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Flushing boy fights cancer for Siemens science award

A high school student from Flushing is exploring the cutting edge of cancer research, which earned him a berth in the regional finals of a competition for an award many consider the Nobel Prize of pre-collegiate science.

John Shim, though only a senior studying physics at Stuyvesant High School in Manhattan, has completed research with professors at Columbia University that caught the eye of the Siemens Competition in Math, Science, and Technology.

Acceptance into the competition comes on the heels of years of study and interest in the sciences.

“I first became interested in science when I was young. I always asked my parents a lot of questions about nature, I always bombarded my father with questions, and they annoyed him but he always answered them,” Shim said. “He always encouraged me to ask a lot of questions and because he always answered them, he taught to always persevere until I get the answers.”

On Saturday, Shim presented his work, which he completed along with research partner David Cho of Tuckahoe, N.Y., to judges in the contest’s regional finals at Carnegie Mellon University in Pittsburgh, but did not advance to the finals for the top national prize of a $100,000 scholarship. Despite the letdown, his work still has the potential to change the way scientists look at certain aspects of cancer cells.

Basically, he is working with a team at Columbia that is examining how a new type of microscope called the Simulated Emission Depletion microscope can be used to learn new information about the purpose of hail-like structures found on the membranes of cancer cells. By examining gastric cancer cells, which have specific traits that make them easier to work with, he hopes to glean some important tidbits about the way cancer operates.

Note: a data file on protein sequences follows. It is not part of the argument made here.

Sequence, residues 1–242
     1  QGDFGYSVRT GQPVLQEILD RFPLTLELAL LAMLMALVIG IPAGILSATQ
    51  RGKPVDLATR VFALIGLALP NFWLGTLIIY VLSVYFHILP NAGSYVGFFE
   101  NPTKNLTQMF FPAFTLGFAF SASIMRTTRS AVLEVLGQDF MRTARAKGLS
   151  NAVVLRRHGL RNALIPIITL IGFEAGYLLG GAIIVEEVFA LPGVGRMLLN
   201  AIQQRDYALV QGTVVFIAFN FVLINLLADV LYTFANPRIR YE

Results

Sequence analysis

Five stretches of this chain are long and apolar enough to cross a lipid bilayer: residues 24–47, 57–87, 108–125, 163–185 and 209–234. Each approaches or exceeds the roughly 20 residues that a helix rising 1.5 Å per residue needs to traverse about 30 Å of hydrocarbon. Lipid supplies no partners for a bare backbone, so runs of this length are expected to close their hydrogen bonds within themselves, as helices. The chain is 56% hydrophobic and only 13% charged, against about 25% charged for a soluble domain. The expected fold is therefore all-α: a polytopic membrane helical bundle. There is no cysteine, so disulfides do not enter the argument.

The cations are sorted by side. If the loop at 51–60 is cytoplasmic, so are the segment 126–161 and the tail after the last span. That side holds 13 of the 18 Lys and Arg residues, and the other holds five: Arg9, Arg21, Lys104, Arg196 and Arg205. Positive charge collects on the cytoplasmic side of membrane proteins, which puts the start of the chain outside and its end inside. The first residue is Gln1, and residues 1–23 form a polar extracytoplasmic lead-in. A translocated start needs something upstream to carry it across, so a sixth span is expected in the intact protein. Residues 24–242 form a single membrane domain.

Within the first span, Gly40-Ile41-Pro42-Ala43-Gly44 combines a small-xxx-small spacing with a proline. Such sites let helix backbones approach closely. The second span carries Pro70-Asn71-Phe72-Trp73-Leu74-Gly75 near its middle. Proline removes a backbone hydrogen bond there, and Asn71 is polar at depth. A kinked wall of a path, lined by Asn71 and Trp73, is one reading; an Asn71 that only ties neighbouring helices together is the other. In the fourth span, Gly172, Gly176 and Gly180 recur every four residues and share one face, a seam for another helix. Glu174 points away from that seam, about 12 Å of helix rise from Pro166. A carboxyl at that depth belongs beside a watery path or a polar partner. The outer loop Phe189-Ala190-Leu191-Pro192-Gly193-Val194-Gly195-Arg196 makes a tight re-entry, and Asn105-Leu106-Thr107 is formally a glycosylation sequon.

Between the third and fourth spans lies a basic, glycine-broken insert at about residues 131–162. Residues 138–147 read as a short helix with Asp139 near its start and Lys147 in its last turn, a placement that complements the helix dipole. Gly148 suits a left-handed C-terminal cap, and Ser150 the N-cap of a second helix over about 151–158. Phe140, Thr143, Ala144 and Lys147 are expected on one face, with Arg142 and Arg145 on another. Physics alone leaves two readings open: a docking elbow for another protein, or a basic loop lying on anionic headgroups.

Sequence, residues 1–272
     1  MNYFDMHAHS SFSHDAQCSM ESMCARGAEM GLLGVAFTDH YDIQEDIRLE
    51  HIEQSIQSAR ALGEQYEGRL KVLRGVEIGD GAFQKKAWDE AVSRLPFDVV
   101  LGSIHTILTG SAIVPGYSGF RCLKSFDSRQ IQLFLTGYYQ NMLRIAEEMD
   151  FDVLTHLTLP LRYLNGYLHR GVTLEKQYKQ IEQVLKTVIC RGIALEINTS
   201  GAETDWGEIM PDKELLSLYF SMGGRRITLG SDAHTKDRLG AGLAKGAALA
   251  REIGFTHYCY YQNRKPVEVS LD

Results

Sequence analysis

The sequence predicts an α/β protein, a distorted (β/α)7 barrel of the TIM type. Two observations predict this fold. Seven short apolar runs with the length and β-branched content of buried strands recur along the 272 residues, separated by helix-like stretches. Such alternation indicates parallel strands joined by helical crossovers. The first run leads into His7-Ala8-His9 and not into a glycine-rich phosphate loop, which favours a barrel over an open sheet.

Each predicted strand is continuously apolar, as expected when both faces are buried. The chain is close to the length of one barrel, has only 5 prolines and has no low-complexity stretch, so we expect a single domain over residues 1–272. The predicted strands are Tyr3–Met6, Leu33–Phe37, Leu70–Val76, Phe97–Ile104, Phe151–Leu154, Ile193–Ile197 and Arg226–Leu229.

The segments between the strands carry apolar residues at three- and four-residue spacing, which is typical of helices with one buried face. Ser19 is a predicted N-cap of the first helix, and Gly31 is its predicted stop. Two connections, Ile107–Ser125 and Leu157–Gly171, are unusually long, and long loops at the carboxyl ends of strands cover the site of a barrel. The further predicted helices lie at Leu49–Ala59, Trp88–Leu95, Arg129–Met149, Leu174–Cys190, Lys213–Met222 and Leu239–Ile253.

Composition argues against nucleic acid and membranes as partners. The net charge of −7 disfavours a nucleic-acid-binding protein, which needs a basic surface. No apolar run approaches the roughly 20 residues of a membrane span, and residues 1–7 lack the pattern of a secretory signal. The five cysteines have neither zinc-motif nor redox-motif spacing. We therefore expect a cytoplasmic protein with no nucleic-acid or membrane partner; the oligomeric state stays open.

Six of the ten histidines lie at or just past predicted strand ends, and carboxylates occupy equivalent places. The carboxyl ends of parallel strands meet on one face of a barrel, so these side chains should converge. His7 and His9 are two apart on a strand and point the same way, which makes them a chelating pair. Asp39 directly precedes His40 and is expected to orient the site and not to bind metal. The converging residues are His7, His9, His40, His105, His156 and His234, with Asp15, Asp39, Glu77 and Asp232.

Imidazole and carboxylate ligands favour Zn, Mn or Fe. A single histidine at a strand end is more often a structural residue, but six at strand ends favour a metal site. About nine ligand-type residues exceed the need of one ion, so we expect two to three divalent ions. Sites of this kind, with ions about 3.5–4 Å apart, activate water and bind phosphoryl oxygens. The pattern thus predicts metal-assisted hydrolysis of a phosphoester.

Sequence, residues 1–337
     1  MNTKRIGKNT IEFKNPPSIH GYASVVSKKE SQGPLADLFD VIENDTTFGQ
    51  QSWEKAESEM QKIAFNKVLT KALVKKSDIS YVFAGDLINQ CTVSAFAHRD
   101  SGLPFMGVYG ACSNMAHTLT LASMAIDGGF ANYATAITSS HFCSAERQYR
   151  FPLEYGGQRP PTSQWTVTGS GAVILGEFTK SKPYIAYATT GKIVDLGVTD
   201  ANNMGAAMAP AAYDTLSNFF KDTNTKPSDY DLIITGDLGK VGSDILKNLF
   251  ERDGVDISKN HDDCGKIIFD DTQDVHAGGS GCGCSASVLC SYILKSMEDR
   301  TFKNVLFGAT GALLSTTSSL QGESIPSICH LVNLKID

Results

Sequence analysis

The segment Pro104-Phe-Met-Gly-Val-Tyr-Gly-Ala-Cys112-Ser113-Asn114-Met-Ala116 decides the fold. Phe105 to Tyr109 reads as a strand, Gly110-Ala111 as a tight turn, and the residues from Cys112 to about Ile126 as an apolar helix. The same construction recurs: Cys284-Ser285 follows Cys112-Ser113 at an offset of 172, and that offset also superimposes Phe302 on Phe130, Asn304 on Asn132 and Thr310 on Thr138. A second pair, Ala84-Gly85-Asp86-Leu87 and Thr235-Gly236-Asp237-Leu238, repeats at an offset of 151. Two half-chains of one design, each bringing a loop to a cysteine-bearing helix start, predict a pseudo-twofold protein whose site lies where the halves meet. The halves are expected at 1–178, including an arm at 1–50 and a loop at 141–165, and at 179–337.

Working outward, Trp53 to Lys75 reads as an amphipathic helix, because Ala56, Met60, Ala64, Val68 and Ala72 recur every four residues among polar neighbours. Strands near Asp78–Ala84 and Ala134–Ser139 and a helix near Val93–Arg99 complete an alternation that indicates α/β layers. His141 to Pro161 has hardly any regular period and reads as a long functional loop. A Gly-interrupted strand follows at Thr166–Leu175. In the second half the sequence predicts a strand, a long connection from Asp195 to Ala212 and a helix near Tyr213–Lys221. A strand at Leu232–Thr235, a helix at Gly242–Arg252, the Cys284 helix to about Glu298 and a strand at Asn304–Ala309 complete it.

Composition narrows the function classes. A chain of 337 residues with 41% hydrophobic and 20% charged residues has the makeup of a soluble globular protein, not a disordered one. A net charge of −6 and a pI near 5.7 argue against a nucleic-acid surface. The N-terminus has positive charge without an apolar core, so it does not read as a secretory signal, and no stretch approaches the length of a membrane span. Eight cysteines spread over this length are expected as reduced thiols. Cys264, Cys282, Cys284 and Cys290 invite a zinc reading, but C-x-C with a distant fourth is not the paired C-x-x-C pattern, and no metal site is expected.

“They’re called filopodia and we’re not too sure about their function in cancer cells specifically, and we think they might be involved in communication with other cancer cells through signals for things like division, migration and metastasis,” he explained. “We want to see how it works and how to stop it.”

Inspired in part by cancer deaths in his own family, Shim attends the Olympiad Academia ´╗┐in Manhattan, an academic center for highly advanced students who want to expand their educations outside the traditional school setting, when he is not at Stuyvesant. Through the academy, he was paired up with Dr. Junji Chi Liao, a Columbia professor, and several graduate students and other people in Liao’s laboratory in the school’s high-tech mechanical engineering department.

Shim, an avid rower and bass guitarist, hopes one day to become a biomedical engineer whose work will make a real difference in people’s lives.

“I chose cancer because I feel it’s a real problem in the world. It’s one of the biggest killers,” he said. “Some of my family members died of cancer, too. I want to prevent this from happening again or happening to other families.”

He has applied for early action admission to the Massachusetts Institute of Technology, but said he would also like to attend Columbia if he is not accepted at MIT.

And he is humble about the hard work that has gotten him this far already in his life.

“I feel pretty blessed to be able to participate in this research and I feel that it is a once-in-a-lifetime opportunity to be able to do research as a high school senior and to be able to work with professors at Columbia and enter the Siemens competition and to have results that might help in the future,” Shim said.

Reach reporter Connor Adams Sheets by e-mail at csheets@cnglocal.com or by phone at 718-260-4538.

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